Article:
From Dwight D. Eisenhower through Richard M. Nixon, a parade of presidents convinced themselves that defending South Vietnam qualified as a vital U.S. interest. For the free world, a communist takeover of that country would imply an unacceptable defeat.
Yet when South Vietnam did fall, the strategic effect proved to be limited. The falling dominoes never did pose a threat to our shores for one simple reason: The communists of North Vietnam were less interested in promoting world revolution than in unifying their country under socialist rule. We deluded ourselves into thinking that we were defending freedom against totalitarianism. In fact, we had blundered into a civil war.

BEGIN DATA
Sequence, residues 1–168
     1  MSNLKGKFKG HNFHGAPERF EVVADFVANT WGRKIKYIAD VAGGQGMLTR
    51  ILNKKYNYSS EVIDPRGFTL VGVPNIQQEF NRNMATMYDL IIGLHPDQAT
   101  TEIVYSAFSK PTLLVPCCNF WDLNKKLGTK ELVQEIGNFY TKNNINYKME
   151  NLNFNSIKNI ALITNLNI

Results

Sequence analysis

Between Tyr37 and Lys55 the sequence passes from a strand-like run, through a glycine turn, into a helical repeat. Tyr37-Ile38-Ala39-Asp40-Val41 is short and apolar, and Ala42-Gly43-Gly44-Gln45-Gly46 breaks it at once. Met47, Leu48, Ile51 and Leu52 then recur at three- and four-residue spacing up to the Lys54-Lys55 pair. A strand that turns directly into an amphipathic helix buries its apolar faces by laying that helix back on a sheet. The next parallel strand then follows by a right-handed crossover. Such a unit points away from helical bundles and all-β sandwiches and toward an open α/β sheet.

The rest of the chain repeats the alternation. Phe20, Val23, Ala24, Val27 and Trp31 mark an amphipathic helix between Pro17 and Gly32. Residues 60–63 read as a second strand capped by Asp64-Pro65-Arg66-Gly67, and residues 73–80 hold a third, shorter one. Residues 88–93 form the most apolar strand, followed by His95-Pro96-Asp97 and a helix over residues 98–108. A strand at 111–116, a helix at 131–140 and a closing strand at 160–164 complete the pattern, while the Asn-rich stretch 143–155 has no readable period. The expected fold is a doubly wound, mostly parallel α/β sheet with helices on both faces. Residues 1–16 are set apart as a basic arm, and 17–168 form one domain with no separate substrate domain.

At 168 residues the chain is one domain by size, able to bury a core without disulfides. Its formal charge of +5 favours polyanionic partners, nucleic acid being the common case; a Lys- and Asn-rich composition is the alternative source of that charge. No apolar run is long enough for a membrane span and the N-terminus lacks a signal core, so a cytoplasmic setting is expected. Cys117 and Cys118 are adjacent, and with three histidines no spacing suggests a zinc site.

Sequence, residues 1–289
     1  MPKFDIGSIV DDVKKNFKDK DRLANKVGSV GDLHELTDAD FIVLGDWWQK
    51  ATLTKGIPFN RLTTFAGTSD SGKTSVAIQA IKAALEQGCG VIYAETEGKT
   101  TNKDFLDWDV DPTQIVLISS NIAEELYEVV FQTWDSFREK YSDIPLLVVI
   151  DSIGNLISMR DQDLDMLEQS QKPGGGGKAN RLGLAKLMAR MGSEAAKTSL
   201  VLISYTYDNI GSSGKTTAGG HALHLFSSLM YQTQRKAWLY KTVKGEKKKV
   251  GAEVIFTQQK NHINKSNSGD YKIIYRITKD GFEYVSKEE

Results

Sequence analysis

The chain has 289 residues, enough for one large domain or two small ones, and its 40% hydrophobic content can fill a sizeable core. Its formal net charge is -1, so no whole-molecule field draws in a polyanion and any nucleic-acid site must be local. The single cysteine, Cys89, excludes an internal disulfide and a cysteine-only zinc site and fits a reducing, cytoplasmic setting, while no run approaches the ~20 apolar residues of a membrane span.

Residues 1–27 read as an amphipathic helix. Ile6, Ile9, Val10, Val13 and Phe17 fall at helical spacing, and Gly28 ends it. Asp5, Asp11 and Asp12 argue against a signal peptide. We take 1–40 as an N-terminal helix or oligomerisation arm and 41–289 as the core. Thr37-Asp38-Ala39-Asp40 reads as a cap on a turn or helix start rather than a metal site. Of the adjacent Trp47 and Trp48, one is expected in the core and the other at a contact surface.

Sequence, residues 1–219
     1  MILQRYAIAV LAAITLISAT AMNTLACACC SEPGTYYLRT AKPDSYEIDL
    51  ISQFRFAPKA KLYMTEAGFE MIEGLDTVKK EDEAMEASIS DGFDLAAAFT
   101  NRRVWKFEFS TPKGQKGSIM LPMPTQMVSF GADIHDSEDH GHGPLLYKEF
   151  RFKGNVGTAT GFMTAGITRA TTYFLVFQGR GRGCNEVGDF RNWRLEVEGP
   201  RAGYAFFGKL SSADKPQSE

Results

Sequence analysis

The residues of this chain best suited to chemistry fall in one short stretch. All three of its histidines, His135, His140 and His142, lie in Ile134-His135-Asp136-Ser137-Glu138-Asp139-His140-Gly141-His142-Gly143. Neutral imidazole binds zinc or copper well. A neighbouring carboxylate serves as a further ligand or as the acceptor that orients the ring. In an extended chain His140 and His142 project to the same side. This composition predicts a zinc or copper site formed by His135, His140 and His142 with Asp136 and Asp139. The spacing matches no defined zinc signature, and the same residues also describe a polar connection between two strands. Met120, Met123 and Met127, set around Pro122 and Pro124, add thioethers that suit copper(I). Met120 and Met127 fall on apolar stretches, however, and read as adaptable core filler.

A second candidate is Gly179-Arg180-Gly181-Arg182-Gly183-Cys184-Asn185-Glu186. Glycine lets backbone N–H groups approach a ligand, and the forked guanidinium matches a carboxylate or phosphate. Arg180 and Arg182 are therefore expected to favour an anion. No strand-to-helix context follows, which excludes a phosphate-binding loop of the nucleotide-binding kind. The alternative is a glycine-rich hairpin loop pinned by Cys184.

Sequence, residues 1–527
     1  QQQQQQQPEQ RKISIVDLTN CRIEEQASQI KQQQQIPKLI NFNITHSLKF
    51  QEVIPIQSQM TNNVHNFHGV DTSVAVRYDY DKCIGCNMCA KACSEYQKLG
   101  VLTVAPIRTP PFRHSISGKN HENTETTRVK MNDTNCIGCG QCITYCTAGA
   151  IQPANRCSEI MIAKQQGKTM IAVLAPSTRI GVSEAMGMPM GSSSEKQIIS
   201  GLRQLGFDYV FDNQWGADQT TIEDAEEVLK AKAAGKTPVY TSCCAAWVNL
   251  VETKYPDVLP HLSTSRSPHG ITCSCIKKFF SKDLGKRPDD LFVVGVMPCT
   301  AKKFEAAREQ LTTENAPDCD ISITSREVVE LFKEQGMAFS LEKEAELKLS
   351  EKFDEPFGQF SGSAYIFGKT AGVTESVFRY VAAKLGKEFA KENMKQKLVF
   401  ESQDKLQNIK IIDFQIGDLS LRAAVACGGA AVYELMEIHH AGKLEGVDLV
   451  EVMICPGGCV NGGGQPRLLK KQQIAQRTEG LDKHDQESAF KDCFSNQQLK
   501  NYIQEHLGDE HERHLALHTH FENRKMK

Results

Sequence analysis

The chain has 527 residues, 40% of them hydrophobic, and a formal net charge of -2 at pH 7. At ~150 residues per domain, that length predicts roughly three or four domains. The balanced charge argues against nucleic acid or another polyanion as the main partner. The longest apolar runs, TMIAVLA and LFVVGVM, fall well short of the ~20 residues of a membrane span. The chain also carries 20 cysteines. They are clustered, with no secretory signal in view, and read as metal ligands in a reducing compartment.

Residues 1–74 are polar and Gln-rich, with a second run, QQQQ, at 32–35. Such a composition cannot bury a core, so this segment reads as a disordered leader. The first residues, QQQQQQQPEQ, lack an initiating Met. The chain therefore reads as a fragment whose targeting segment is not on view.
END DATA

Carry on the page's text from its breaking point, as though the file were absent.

With regard to Iraq, Bush persists in making an analogous error. In his remarks to the VFW, the president described Iraq as an “ideological struggle.” Our adversary there aims to crush “freedom, tolerance and dissent,” he said, thereby “imposing this ideology across a vital region of the world.” If we don’t fight them “there,” we will surely have to fight them “here.”
Radical Islamists like Osama bin Laden do subscribe to a hateful ideology. But to imagine that Bin Laden and others of his ilk have the capability to control the Middle East, restoring the so-called Caliphate, is absurd, as silly as the vaunted domino theory of the 1950s and 1960s. ~Prof. Andrew Bacevich